Domino Annual #1 Review

by Charles Martin on September 26, 2018

Domino Annual #1 Review
"Dead Drunk in Dry Gulch"
(the one with Outlaw)
Writer: Gail Simone
Artist: Victor Ibáñez
Colourist: Jay David Ramos

"The Good Fight"
(the one with Cable)
Writer: Fabian Nicieza
Artist: Juan Gedeon
Colourist: Jesus Aburtov

(the one with Colossus)
Writer: Dennis Hopeless
Artist: Leonard Kirk
Colourist: Jesus Aburtov

"Domino & The Rejex"
(the one with Nightcrawler)
Writer: Leah Williams
Artist: Natacha Bustos
Colourist: Jesus Aburtov

"Saturdays Are for the Body Count"
(the frame story)
Writer: Leah Williams
Artist: Michael Shelfer
Colourist: Jesus Aburtov

Letterer: Clayton Cowles
Publisher: Marvel Comics

Whew, still with us after that credits block? There's a lot of talented folks collaborating on this book, and they all deserve recognition. This is not quite plot-essential to Domino's ongoing story, but it's a ton of fun.

The frame story is all about Domino's Very Busy Saturday. She has three mercenary gigs (including a pro bono job) and "a thing" to take care of. Reminiscing along the way provides us with an even mix: Two flashback strips and two contemporary ones.

The first flashback is The Time Domino Met Outlaw, and it is ridiculously awesome. It comes with another brilliant demonstration of Domino's luck in action as well as some impressive brawling on Outlaw's part. Outlaw's talked around to the side of the (semi-) angels quick enough, and the story cuts out before it can get to the ladies' first fight together, crushing the asinine Professor Salvage and his Sentinel SUV.

It's smart, acerbic, and fast-paced. The art is very strong: detailed, dynamic, and dead sexy. It doesn't sacrifice realism for pure cheesecakery, but it definitely gets full value from fit women dressed for the summer heat in "Half-Ass-to-Nowhere, Texas."

Next up is Domino's brief reminiscence of Cable, which turns the POV over to Nate and revisits the infamous bathtub they shared very early in their careers. This strip is mainly a continuity joke about how Domino, like many (most?) early X-Force characters, got rather badly derailed by her original creators' passion for Mysterious Origins. Oh, the 90s, you were a such a gloriously juvenile time for comics!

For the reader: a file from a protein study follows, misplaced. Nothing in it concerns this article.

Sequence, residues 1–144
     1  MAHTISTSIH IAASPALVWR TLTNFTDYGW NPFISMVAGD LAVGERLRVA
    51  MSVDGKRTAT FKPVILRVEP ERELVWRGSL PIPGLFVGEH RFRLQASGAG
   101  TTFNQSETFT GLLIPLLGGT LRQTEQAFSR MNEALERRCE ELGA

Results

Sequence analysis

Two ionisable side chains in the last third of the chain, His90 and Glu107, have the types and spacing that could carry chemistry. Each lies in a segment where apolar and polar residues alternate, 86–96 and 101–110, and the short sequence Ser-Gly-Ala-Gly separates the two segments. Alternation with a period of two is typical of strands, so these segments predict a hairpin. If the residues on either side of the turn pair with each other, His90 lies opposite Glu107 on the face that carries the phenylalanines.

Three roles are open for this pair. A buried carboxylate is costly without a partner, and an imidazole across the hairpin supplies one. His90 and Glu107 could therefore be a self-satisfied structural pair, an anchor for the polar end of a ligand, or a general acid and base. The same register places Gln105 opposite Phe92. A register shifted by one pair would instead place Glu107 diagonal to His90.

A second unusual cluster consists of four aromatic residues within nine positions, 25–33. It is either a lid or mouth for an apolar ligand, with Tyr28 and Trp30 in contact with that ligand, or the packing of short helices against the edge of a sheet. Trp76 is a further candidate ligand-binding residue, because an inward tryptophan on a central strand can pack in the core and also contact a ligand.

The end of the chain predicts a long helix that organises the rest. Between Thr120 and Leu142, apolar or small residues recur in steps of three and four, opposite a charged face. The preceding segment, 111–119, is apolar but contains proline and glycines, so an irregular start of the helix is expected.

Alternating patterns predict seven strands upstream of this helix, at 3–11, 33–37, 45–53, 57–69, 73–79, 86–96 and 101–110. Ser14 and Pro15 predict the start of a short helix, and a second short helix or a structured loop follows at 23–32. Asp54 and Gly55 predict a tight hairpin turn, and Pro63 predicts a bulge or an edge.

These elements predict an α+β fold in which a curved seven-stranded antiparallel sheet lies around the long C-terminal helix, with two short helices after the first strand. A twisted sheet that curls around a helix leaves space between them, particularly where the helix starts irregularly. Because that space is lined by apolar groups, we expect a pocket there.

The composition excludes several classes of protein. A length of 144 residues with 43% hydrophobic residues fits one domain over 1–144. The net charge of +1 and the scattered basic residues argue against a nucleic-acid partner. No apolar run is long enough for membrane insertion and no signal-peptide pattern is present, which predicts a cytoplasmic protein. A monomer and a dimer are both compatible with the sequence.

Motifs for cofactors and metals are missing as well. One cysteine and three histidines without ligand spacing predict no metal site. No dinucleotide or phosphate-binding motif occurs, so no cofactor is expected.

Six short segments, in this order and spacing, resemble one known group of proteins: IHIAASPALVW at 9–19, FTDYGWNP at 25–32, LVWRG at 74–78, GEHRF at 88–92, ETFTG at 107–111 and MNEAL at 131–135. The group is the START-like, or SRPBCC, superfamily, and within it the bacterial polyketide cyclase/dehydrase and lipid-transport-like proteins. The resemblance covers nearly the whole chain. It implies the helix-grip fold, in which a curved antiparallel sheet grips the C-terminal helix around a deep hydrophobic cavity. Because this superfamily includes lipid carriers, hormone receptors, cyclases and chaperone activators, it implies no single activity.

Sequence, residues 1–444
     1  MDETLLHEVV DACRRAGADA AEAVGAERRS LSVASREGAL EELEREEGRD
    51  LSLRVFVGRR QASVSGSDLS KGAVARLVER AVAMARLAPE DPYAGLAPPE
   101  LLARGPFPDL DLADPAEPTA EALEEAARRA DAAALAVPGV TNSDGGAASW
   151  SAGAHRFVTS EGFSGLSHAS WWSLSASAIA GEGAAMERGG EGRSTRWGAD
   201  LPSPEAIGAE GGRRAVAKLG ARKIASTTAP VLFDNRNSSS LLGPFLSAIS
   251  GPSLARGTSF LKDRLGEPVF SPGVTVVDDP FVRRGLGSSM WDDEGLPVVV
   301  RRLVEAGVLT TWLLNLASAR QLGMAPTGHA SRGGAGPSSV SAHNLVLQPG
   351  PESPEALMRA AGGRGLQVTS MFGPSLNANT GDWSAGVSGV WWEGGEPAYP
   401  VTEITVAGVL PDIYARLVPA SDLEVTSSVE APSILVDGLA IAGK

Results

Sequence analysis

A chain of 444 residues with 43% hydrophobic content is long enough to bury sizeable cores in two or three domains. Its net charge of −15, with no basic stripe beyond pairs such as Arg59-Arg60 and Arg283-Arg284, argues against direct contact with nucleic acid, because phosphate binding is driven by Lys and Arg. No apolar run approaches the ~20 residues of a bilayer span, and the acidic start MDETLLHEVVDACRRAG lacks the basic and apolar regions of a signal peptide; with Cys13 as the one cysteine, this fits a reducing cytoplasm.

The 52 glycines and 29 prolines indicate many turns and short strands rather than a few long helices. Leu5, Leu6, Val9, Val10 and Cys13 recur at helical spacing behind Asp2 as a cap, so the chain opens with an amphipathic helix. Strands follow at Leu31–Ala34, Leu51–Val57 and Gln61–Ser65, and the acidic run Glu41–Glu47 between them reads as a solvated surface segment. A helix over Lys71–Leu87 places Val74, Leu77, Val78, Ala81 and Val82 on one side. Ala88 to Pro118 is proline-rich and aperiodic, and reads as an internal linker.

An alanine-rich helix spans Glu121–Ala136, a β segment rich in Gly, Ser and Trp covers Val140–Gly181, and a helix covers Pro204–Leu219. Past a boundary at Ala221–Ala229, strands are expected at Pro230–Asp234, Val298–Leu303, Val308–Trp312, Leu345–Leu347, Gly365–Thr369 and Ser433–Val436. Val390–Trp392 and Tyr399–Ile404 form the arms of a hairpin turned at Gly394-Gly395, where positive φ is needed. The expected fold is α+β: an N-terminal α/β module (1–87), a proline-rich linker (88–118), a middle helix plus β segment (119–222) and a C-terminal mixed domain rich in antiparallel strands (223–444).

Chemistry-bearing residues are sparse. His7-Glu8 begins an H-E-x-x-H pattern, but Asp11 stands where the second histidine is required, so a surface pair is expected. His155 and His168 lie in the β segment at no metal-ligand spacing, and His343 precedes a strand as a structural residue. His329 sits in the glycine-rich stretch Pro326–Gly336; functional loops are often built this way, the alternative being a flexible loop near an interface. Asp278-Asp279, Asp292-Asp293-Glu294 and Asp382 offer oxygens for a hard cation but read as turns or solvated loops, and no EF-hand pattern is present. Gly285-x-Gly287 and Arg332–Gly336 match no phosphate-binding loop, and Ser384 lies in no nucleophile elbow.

Domino's Saturday progresses to trying to cheer the jilted Colossus up by arranging a Crimson Dynamo fight for him. It's sublime and ridiculous and fun. In order to add depth to the limited number of pages, it pulls that trick where the protagonist's narrative captions wander off from the action in the panels. 

This strategy sometimes causes more problems than it solves, but it works very well here. Neena's words add context and insight and background for her relationship with Colossus. They also run the risk of distracting you from the excellent artwork - this story's visuals deserve as much attention as the words.

The final strip is Domino's "other thing," a special meet-up with Nightcrawler and some very interesting mutants, the Rejex. I don't want to go into too much detail. The annual is constructed to make this finale a surprise and that surprise is worth protecting. 

The Rejex strip is full of promise. It has a strong, interesting visual style that's redolent of Mike Allred. For content, it delivers a very au courant take on outcast mutants and provides a spotlight for X-Stacy, AKA Stacy X AKA Ripcord AKA "Hooker-X" AKA "Wow, X-history has a lot of bad character ideas we need to revisit and redeem."

While I like the Rejex strip - it's a strong pitch for a Rejex series by Leah Williams and Natacha Bustos - it lacks what I consider an essential component. To make a story, you have to show somebody making a decision. The Rejex strip doesn't do this; neither does the Cable strip. Length is probably the go-to excuse; it's tough to build context and show a decision and make it all meaningful when you've got just five pages.

The Colossus and Outlaw stories are excellent contrasts; they do feature meaningful decisions and they're all the better for it. (And the Colossus story clocks in at just five pages!) They're the definite highlights of this annual.

Devil's Advocate: While the Rejex strip does not constitute a story in itself, it provides an anchor for the Annual's larger frame story and makes that tale far more satisfying.

Personally, this Annual lands as a bit of a guilt trip. I reviewed Domino #1 when it came out and was strongly in favour of it. Then I totally failed to follow the series. This Annual reminds me that that was a mistake and makes an excellent argument for circling back to check out the fun. (And also subscribing to the future issues!)

Domino's first annual is a fun, fast anthology that captures all of the character's wit. It expands on important relationships and proposes some new ones, too. Words and art are all crafted with the highest skill. This isn't just a reward for faithful Domino readers; it's a very engaging invitation for newbies to come aboard.

Our Score:


A Look Inside


Charles Martin's picture
Grab your decoder rings, True Believers! Doop is one of the Rejex and he graces us with a panel of gobbledygook in need of deciphering.